top of page

A Decently Early Mock Draft: Version 1.0

Franklin Community High School OF Max Clark; Photo via Bryan Green

The college and high school baseball seasons are winding down, meaning that the MLB draft season is about to kick into high gear. Draft boards are beginning to be solidified around the league, and front offices are attempting to work out scenarios and determine who might be available at their pick. For those unfamiliar with the MLB draft format, it’s quite different from the other American sports drafts. Instead of a set signing bonus value at each pick, the MLB offers a suggestion. A player and his agent are free to negotiate and sign at any value, regardless of the slot suggestion. This leads to a different level of intrigue and a much less predictable draft. For this mock, I analyzed draft tendencies to find likely landing spots. As we approach the draft, I will release a final mock draft that explores some of the rumors going around and other things I have been able to hear from front office members.

Pick 1: Pittsburgh Pirates - Dylan Crews, OF, LSU

Crews is the best player in this draft. That has been known for a while, but his superb 2023 season confirmed his status as the top dog. His batting average stands at .420, and he’s walked 20 more times than he’s struck out. Crews has anchored a strong LSU lineup and posts elite exit velocities and top-tier results. Defensively, he’s nothing special but can get the job done at a corner outfield spot. He’s almost major-league-ready right now and could be a regular in Pittsburgh by the summer of 2024. This pick would be a shoo-in with most teams, but the Pirates have had a history of trying to get creative with their bonus pool. In 2021, they took Henry Davis, a college catcher, with the first pick. The consensus top talent was Marcelo Mayer, but the Pirates passed on him to save some money. If they take a similar route this year keep an eye out for Florida outfielder Wyatt Langford or even Virginia catcher Kyle Teel.

Pick 2: Washington Nationals - Paul Skenes, SP, LSU

Skenes transferred from Air Force to LSU and set the SEC on fire. His arsenal is the most dynamic in the class, and he’s blown hitters away all season long in college, averaging 16.6 strikeouts per 9 innings. Skenes is the prototypical modern pitcher with a loud fastball that regularly touches triple digits, strong offspeed stuff, and the ability to generate a lot of strikeouts. While I’m not a fan of drafting pitchers early, this seems like a no-brainer for Mike Rizzo and company. However, on the off chance the Pirates pass on Dylan Crews, he surely won’t get past Washington.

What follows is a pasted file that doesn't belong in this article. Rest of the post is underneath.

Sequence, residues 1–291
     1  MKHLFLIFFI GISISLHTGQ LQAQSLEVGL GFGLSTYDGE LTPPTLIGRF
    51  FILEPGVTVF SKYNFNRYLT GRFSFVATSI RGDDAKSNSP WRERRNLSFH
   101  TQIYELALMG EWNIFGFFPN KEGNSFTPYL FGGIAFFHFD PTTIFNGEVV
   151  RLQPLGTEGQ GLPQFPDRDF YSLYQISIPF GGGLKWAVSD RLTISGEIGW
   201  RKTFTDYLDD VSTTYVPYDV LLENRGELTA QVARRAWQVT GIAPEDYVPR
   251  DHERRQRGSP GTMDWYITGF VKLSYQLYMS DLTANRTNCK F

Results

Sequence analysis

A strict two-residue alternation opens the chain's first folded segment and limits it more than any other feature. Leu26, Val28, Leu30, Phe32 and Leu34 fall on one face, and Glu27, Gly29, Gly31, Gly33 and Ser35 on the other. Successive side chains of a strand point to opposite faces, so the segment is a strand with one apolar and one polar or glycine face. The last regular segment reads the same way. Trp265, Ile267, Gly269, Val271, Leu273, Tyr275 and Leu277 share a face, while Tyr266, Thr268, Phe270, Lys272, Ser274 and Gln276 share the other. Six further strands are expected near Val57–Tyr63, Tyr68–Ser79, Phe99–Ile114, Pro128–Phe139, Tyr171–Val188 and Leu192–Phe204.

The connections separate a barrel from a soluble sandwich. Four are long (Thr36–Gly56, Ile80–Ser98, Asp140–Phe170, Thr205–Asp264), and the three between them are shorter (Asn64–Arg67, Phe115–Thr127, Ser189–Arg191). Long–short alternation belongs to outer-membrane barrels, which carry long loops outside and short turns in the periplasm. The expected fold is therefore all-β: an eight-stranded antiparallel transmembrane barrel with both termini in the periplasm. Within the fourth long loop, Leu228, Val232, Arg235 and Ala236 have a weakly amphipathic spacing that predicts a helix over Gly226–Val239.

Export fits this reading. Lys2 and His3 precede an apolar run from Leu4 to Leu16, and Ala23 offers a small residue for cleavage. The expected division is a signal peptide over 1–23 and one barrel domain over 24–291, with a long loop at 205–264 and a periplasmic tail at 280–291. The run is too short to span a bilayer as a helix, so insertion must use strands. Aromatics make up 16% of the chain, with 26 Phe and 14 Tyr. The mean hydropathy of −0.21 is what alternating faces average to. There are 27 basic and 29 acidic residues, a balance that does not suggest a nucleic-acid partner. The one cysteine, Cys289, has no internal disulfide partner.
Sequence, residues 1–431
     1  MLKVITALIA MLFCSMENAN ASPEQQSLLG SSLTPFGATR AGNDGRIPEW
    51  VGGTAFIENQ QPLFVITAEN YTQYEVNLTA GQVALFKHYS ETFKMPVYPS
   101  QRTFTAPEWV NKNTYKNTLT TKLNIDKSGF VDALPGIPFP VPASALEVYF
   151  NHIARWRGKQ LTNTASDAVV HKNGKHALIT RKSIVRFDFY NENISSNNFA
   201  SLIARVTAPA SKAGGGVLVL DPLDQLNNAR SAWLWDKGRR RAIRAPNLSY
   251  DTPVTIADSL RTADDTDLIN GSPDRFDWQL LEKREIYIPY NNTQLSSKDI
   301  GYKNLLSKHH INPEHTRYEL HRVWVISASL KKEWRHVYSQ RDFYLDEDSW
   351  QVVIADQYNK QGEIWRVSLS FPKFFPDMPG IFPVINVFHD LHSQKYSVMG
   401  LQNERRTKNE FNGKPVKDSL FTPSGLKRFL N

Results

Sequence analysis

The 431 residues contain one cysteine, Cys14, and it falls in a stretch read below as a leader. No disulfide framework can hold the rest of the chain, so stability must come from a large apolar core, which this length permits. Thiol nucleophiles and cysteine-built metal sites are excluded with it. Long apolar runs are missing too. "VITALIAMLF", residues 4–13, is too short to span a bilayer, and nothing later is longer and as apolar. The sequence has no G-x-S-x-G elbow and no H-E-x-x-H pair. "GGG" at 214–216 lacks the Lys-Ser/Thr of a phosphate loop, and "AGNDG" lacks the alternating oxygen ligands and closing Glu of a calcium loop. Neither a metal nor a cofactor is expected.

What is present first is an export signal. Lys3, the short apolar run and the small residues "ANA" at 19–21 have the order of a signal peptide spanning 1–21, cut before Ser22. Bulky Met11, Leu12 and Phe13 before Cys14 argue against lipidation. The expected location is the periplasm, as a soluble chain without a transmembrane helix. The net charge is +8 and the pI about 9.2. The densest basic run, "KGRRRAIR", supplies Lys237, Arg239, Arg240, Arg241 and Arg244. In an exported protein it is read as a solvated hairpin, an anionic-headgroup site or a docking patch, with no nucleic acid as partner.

Pick 3: Detroit Tigers - Walker Jenkins, OF, South Brunswick (NC)

Walker Jenkins, Wyatt Langford, and Max Clark all fall into a very similar tier. All three outfielders are likely top-5 picks, locks to go in the top 10, and can probably go in any order. I think the Tigers would prefer the prep route and are probably going to be choosing between Jenkins and Clark at this spot. Jenkins offers a higher floor and more pop than Clark, making him the likely pick at this spot. Max will command a large bonus, but Detroit has a large bonus pool, so that shouldn’t deter them in any way. Jenkins is worse than Clark defensively, but his strong arm will make him a good right fielder.

Pick 4: Texas Rangers - Wyatt Langford, OF, Florida

This is a dream scenario for Texas. Langford is one of the most polished college hitters in the class and will be able to contribute to the long-lasting success the Rangers are currently building. He’s currently slashing .398/.521/.823. Those numbers show how well-rounded his offensive profile is. In any draft without Dylan Crews, Langford would be a serious contender for the first overall pick. He’s been the second-best hitter in college baseball behind Crews and has shown an advanced approach, power to all fields, and limited strikeout numbers. I like this fit, and I am sure the Rangers would too. If Langford drops to 4, I can’t see a world where Texas passes on him.

Pick 5: Minnesota Twins - Max Clark, OF, Franklin Community (IN)

Clark has been in the spotlight for his entire high school career and has handled the accompanying pressure very well. He’s a true five-tool player and perhaps the most athletic player in the class. Clark’s strength is on display, as he has shown power to the opposite field, especially on the showcase circuit. Defensively, he’s got a great chance to stick in center field, clocking in as a 6.3 60-yard dash runner. My only concern with Clark is that he’s already really strong and might be close to physically maxed out, limiting the potential for a team to further develop his power. Regardless, the Twins would be thrilled to have him, and there is also a good chance a team snags him before this pick.